The general secretory (Sec) pathway is the most utilized export pathway in almost all bacteria [25]. Presecretory substrate proteins pass through the SecYEG translocase and are exported in a posttranslational manner. The chaperone SecB binds posttranslationally or in late translation to the presecretory proteins and keeps the proteins in an unfolded or loosely folded conformation with the signal peptide accessible for interaction with the translocation machinery [48] as shown in Figure 1. A co-translational SecYEG mediated branch can be addressed via signal recognition particle (SRP) binding to the nascent polypeptide chain generally accomplished by more hydrophobic signal sequences [46]. For both pathways, proteins are threaded through the translocon in an unfolded state and subsequently fold in the periplasm [48]. Unlike the fluorescent mCherry which does not contain any cysteine residues GFPs and GFP fusion proteins are inactive if targeted to the bacterial periplasm via the Sec pathway. Notably, no disulfide bonded oligomers have been detected directely from the bacterial periplasm so far and detection of accumulated, non-fluorescent and Sec targeted eGFP in the cytoplasm [20] might also indicate an obstruction of the translocon. Nevertheless, the inactivity and the detection of misfolded oligomeric mixed disulfides of GFPs targeted to the secretory pathway of eukaryotic cells [20,24] indicates that misfolding due to unspecific inter- or intra-molecular disulfide bond formation between folding intermediates occurs also upon bacterial secretion.

Super folder GFP (sfGFP), however, is able to fold and mature into its fluorescent conformation unaffected from the periplasmic environment [20,21], as depicted in the scheme of Figure 1 (Table 1). We could demonstrate for the first time that this holds also true for an engineered monomeric yellow color variant as shown in Figure 2. Two of the super folder mutations (S30R and Y39N) are found

Outlook

The discovery of the super folder GFP mutations and the folding robustness they confer to GFP allows maturation in the periplasm and enabled diverse new applications. Periplasmic protein localization studies using GFP, previously only possible by targeting the analyzed proteins via the Tat pathway, can now be performed recruiting the native signal sequences and exportable sfGFP as demonstrated e.g. for EnvC and Pal [21]. Furthermore, periplasmic colocalization studies e.g. with mCherry and sfGFP fusion proteins are now feasible [49] making the periplasm amenable for new labeling approaches and consequently advanced imaging applications. Moreover, the design of biosensors using receptor fluorescent protein fusions is simplified. SfGFP have been shown to enhance fusion protein solubility [34] a property which in combination with the unbiased folding in the periplasm represents a valuable improvement for recombinant biotechnological protein production. Especially the many biotechnological and biomedical relevant proteins like the repertoire of recombinant antibody fragments that require disulfide bond formation [28,29,50] can now be produced as GFP fusions targeted to the periplasm. Those fusions proteins can subsequently easily be extracted as ready labeled active probes for multi-purpose use. Moreover, the work with superfolder GFP is clear evidence that there is significantly more room for engineering improvements even in the highly optimized GFP derivatives and continued efforts using directed evolution approaches will without doubts lead to further optimized variants with improved characteristics like spectral properties, photostability, brightness, acid resistance and utility as tags for cellular imaging.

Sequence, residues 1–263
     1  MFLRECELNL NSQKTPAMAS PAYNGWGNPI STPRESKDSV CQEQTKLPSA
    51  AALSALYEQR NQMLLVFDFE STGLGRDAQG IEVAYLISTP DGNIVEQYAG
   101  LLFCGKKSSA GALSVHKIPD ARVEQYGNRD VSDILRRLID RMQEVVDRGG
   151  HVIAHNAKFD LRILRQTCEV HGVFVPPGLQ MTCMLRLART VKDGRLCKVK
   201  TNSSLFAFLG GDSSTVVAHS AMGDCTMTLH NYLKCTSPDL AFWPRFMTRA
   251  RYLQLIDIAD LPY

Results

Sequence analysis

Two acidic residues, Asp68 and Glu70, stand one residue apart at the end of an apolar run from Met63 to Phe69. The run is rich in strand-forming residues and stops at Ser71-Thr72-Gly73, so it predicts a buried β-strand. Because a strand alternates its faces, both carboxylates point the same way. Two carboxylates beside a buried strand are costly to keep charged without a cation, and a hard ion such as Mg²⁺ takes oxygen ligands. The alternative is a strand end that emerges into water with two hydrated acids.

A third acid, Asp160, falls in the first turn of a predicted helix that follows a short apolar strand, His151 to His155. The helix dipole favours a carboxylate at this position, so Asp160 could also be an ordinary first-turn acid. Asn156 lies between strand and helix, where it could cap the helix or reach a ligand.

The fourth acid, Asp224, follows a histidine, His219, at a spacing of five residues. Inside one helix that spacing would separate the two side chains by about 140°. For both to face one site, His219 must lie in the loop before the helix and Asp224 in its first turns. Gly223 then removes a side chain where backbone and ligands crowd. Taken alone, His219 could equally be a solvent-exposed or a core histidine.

Acknowledgements

Nanotechnology) for help with imaging. This work was supported by the DFG project PROTRAIN (TI 329/7-1) and the Volkswagen Foundation.

Citation

Dammeyer T, Tinnefeld P (2012) Engineered fluorescent proteins illuminate the bacterial periplasm. Computational and Structural

http://dx.doi.org/10.5936/csbj.201210013

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Keywords:

bacterial export, fluorescent proteins, protein folding, chromophore

maturation, sfGFP, periplasm

Competing Interests:

The authors have declared that no competing interests exist.

© 2012 Dammeyer and Tinnefeld.